By Paul Goble
The Russian authorities do not understand that the Muslim Spiritual Directorates (MSDs) they have created not only are not part of the Islamic tradition but are completely incapable of reaching the new generation of Muslims in the Russian Federation or of interacting usefully with Muslims abroad, according to Ruslan Kurbanov.
Kurbanov, a senior researcher at Moscow’s Institute of Oriental Studies, says that “Russian bureaucrats, who are accustomed to the idea that society doesn’t decide anything ignore the interests of the Muslim community even more than they do other groups” (onkavkaz.com/posts/105-moskva-i-mudzhtahidy-mira-situacija-kriticheskaja.html).
That may have worked in Soviet times, but “over the course of the post-Soviet years, a new generation of educated Muslim youth has grown up which has its own independent opinions and positions relative to key events in the country and in the world arena,” opinions that reflect its close links with Muslim communities and Muslim scholars abroad.
That means, Kurbanov continues, “this educated Muslim youth of Russia at one and the same time alongside its Russian citizenship and identity is already an inalienable part of the global 1.5 billion-strong Muslim war.” That is something Russian officials must understand and act accordingly.
“Attempts to drive this independent thinking youth under the propaganda of Russian television just like attempts to drive it into a vertical of MSDs, on the example of the vertical of the Russian Orthodox Church are condemned to failure in advance,” he argues. Officials must recognize that the way Muslim groups are run is very different from the way Christian ones are.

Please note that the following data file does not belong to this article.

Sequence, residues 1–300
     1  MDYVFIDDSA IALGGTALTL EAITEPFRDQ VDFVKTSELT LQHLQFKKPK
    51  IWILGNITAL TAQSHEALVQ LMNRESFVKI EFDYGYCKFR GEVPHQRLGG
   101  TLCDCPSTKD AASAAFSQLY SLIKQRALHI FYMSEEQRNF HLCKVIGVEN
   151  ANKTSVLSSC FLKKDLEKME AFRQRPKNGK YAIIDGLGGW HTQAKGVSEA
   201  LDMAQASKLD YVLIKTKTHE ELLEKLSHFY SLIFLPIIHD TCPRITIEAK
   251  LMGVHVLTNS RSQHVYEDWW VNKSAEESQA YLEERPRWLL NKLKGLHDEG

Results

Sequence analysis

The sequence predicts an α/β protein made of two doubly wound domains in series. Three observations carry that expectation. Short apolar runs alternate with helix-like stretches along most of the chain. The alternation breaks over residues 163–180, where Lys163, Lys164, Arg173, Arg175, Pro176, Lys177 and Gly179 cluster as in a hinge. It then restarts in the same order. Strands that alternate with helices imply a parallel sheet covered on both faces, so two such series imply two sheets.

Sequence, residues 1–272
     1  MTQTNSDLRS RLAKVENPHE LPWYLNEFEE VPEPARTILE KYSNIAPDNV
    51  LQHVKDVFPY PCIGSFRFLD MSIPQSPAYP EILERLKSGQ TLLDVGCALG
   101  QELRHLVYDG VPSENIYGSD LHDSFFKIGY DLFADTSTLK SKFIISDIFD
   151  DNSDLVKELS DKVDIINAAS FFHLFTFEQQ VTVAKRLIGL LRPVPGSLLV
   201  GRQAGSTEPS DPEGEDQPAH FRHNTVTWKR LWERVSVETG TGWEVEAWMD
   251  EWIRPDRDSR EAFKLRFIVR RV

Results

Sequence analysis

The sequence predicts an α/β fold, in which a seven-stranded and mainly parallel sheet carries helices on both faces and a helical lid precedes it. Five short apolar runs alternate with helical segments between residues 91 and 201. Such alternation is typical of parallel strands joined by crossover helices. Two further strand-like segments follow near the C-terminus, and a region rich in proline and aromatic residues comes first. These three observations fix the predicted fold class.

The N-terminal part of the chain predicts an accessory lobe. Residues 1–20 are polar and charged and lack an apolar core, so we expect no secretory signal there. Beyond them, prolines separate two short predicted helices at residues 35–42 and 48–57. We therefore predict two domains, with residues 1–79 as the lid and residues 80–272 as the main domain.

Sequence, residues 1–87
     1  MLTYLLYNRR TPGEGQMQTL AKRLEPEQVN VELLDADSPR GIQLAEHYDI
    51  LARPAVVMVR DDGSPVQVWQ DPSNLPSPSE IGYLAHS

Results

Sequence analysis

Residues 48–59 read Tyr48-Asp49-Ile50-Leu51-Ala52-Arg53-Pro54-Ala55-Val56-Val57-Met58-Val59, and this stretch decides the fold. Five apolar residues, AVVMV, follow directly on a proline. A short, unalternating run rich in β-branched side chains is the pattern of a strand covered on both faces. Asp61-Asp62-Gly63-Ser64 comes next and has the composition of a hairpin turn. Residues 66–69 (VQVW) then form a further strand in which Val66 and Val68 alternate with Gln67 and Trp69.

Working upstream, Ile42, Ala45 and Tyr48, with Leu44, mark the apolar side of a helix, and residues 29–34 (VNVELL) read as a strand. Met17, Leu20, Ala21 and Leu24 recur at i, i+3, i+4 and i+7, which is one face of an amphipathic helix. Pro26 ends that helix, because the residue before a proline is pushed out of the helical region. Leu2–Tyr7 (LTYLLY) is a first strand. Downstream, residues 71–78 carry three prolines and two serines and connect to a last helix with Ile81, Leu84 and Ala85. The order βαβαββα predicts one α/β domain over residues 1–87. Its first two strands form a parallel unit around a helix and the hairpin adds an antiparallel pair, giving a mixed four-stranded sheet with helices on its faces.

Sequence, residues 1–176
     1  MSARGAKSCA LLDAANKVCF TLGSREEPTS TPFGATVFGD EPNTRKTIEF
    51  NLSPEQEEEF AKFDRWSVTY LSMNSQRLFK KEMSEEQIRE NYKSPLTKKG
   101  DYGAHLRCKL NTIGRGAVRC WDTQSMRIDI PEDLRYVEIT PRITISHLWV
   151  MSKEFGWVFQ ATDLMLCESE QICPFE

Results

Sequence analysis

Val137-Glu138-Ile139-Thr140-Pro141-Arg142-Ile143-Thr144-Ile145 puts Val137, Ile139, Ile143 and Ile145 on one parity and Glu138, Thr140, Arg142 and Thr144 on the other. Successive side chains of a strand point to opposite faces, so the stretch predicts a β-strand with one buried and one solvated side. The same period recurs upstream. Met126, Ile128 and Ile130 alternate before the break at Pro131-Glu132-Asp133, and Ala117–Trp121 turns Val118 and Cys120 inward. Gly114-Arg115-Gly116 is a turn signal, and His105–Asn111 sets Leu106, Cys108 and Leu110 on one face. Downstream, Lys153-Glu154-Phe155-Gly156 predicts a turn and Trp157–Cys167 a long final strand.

“Muslims have never had a single vertical of administration or a single center for the adoption of decisions of a kind like the Orthodox patriarchate or the Catholic papal throne.” But more than that, the centers where decisions are made for Muslims in Russia are beyond the borders of Russia.
As Kurbanov points out, “historically inside Islam has been formed an absolutely different structure of administration of the community of believers,” one that takes the form of “a numerous corporation of scholarly theologians, fahids, and mujtahids.” They and not any patriarch or pope make the key decisions.
The most important of these groups today and the one Russia should reach out to but hasn’t is the World Union of Muslim Scholars. The reason Moscow hasn’t is that the group frequently takes independent positions the Russian government doesn’t like, and instead of interacting, Moscow has isolated itself.
One of the leaders of the World Union, Sheikh Ali al-Karadahi hs even proposed creating a Russian council which “would develop norms of Muslim law” appropriate for “the specific conditions of the life of Russia’s Muslims.” Such groups have existed in other countries for decades, but Russia has refused al-Karadahi’s offer.
Unless Russia acquires its own major Muslim scholars and unless they enter into active dialogue with Muslim scholars abroad, the dialogue between Moscow and its own Muslims will be a dialogue of the deaf. And that will be an increasing tragedy for the Russian government and for Russia’s Muslims, Kurbanova says.
As Russia becomes ever more deeply involved in the conflicti n Syria, “which is viewed by the majority of Muslims of the world as a Sunni-Shiia clash,” failure to develop “direct dialogue between Moscow and the World Council” will have the most negative consequences all around.